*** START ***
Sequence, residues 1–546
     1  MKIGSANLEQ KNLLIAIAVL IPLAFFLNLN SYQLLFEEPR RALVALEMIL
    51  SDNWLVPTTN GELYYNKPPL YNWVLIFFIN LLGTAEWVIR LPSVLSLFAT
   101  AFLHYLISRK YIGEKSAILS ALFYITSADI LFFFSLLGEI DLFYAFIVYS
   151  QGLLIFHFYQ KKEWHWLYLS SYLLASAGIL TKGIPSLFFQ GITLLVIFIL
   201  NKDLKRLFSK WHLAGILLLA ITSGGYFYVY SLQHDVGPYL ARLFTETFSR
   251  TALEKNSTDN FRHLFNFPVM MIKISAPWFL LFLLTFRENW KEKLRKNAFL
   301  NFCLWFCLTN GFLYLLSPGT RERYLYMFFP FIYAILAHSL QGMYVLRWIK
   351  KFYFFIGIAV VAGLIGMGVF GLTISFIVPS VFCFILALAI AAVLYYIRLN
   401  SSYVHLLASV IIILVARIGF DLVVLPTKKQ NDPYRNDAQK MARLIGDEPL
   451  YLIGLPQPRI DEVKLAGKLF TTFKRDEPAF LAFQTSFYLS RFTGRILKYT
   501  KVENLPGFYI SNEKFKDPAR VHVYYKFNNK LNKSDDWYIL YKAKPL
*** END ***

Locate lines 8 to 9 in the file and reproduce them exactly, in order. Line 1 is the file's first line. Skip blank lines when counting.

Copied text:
   301  NFCLWFCLTN GFLYLLSPGT RERYLYMFFP FIYAILAHSL QGMYVLRWIK
   351  KFYFFIGIAV VAGLIGMGVF GLTISFIVPS VFCFILALAI AAVLYYIRLN